Hurricane Primer for RVers

Hurricanes can have an impact anywhere along the East Coast, Gulf Coast, and even thousands of miles inland.

Hurricane Wilma in 2005. Hurricane Wilma was a category 5 hurricane and one of the costliest storms in history. Hurricane Wilma's highest sustained winds was at 185 mph. Lowest pressure point measured at 882 mbar. (Credit: hurricane-facts.com)

Hurricane Wilma in 2005. Hurricane Wilma was a category 5 hurricane and one of the costliest storms in history. Hurricane Wilma’s highest sustained winds was at 185 mph. Lowest pressure point measured at 882 mbar. (Credit: hurricane-facts.com)

During the 2012 hurricane season, Sandy led to Presidential disaster declarations in 13 states, sweeping from Maine to West Virginia.

Now is the time to prepare for the start of this year’s hurricane season

A hurricane is a type of tropical cyclone or severe tropical storm that forms in the southern Atlantic Ocean, Caribbean Sea, Gulf of Mexico, and in the eastern Pacific Ocean.

A typical cyclone is accompanied by thunderstorms, and in the Northern Hemisphere, a counterclockwise circulation of winds near the earth’s surface.

All Atlantic and Gulf of Mexico coastal areas are subject to hurricanes. Parts of the Southwest United States and the Pacific Coast also experience heavy rains and floods each year from hurricanes spawned off Mexico.

The Atlantic hurricane season lasts from June to November, with the peak season from mid-August to late October. The Eastern Pacific hurricane season begins May 15 and ends November 30.

Hurricane can produce winds exceeding 155 miles per hour as well as spawn tornadoes and mircrobursts.

Flooding over access road 523 to Surfside beach, caused by Hurricane Ike forming in the Gulf of Mexico, is seen near Surfside Beach, Texas, September 12, 2008. (Credit: Reuters/Carlos Barria)

Flooding over access road 523 to Surfside beach, caused by Hurricane Ike forming in the Gulf of Mexico, is seen near Surfside Beach, Texas, September 12, 2008. (Credit: Reuters/Carlos Barria)

Additionally, hurricanes can create storm surges along the coast and cause extensive damage from heavy rainfall. Floods and flying debris from the excessive winds are often the deadly and destructive results of these weather events.

Slow moving hurricanes traveling into mountainous regions tend to produce especially heavy rain. Excessive rain can trigger landslides or mud slides. Flash flooding can occur due to intense rainfall.

Hurricane Preparation for RVers

If you RV on the East Coast, through the southern Gulf States to Texas, you’re already aware that Atlantic, Caribbean, and Gulf of Mexico hurricanes and tropical storms are a fact of life from June 1 through November 30 and the height of the hurricane season occurs from late August through early October.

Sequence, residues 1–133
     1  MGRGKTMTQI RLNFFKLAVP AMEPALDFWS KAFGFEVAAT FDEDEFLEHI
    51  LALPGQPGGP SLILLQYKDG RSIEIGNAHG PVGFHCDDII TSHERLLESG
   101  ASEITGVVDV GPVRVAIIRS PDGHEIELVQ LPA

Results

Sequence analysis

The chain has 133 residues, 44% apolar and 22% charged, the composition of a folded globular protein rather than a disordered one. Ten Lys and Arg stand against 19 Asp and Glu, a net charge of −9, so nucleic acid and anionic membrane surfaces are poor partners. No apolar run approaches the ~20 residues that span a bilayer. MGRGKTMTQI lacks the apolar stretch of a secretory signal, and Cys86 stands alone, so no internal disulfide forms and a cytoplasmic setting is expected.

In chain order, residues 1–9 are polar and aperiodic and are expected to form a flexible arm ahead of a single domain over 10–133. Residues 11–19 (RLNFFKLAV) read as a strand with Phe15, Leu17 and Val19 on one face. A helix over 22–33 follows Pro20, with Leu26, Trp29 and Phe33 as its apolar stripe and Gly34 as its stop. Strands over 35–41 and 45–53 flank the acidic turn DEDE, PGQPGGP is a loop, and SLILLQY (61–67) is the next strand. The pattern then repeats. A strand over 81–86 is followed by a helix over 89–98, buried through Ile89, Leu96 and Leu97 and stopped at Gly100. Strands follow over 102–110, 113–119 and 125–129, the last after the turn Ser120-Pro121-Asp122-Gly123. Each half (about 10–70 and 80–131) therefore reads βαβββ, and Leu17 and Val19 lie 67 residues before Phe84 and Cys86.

Although less common, they also occur on the Pacific Coast in southern California and Baja California, Mexico.

Any day now, you’ll turn on the TV and see a meteorologist pointing to a radar blob in the Gulf of Mexico make two basic meteorological points:

  • There is no need to panic
  • We could all be killed

You may wish to follow this simple three-step hurricane preparedness plan:

  • Step 1: Buy enough food and bottled water to last your family for at least seven days
  • Step 2: Load these supplies into your recreational vehicle
  • Step 3: Drive to Wyoming and stay there until after Thanksgiving
The pre-Hurricane Charley aerial photo on the left was taken several days following the passage of 2001’s Tropical Storm Gabrielle. Note the two relatively small breaches in the central part of the island. On August 13, 2004, Hurricane Charley carved the 450-m-wide breach that is shown in the right photo and in more detail in the first photo pair above. (Credit: coastal.er.usgs.gov)

The pre-Hurricane Charley aerial photo on the left was taken several days following the passage of 2001’s Tropical Storm Gabrielle. Note the two relatively small breaches in the central part of the island. On August 13, 2004, Hurricane Charley carved the 450-m-wide breach that is shown in the right photo and in more detail in the first photo pair above. (Credit: coastal.er.usgs.gov)

While you may deem this plan to be somewhat overkill, it begs the question: What should RVers do?

Above all else, use common sense and remain calm.

Planning and preparation is the key—and that’s where you should start NOW.

As an RVer you are already several steps ahead in preparation for a hurricane.

Before a Hurricane

To prepare for a hurricane, you should take the following measures:

  • To begin preparing, you should build an emergency kit and make a family communications plan.
  • Know your surroundings.
  • Learn community hurricane evacuation routes.

Note: This is Part 1 of a 4-part series on Hurricanes and the RVer

Part 2: Are You Prepared for This Year’s Hurricane Season?

Part 3: Hurricane Season: A Primer

Part 4: The One-Eyed Monster: Storm Surge & Saffir-Simpson Scale

Worth Pondering…

The first rule of hurricane coverage is that every broadcast must begin with palm trees bending in the wind.
—Carl Hiaasen

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